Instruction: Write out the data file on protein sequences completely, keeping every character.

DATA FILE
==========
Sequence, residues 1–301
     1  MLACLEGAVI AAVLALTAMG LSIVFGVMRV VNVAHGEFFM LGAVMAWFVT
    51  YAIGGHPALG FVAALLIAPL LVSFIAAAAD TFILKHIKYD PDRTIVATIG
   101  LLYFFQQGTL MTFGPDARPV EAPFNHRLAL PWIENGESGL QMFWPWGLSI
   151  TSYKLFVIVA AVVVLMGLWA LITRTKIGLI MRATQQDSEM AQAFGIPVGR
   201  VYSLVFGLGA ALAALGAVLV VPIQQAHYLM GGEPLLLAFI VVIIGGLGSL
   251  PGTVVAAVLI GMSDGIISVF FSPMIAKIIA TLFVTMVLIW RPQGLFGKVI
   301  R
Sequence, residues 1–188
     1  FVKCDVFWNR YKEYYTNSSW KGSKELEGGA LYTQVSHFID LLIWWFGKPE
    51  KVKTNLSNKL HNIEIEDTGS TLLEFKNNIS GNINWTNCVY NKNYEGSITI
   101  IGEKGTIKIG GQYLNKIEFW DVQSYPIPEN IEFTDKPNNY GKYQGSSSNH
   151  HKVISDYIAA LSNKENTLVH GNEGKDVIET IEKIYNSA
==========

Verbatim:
Sequence, residues 1–301
     1  MLACLEGAVI AAVLALTAMG LSIVFGVMRV VNVAHGEFFM LGAVMAWFVT
    51  YAIGGHPALG FVAALLIAPL LVSFIAAAAD TFILKHIKYD PDRTIVATIG
   101  LLYFFQQGTL MTFGPDARPV EAPFNHRLAL PWIENGESGL QMFWPWGLSI
   151  TSYKLFVIVA AVVVLMGLWA LITRTKIGLI MRATQQDSEM AQAFGIPVGR
   201  VYSLVFGLGA ALAALGAVLV VPIQQAHYLM GGEPLLLAFI VVIIGGLGSL
   251  PGTVVAAVLI GMSDGIISVF FSPMIAKIIA TLFVTMVLIW RPQGLFGKVI
   301  R
Sequence, residues 1–188
     1  FVKCDVFWNR YKEYYTNSSW KGSKELEGGA LYTQVSHFID LLIWWFGKPE
    51  KVKTNLSNKL HNIEIEDTGS TLLEFKNNIS GNINWTNCVY NKNYEGSITI
   101  IGEKGTIKIG GQYLNKIEFW DVQSYPIPEN IEFTDKPNNY GKYQGSSSNH
   151  HKVISDYIAA LSNKENTLVH GNEGKDVIET IEKIYNSA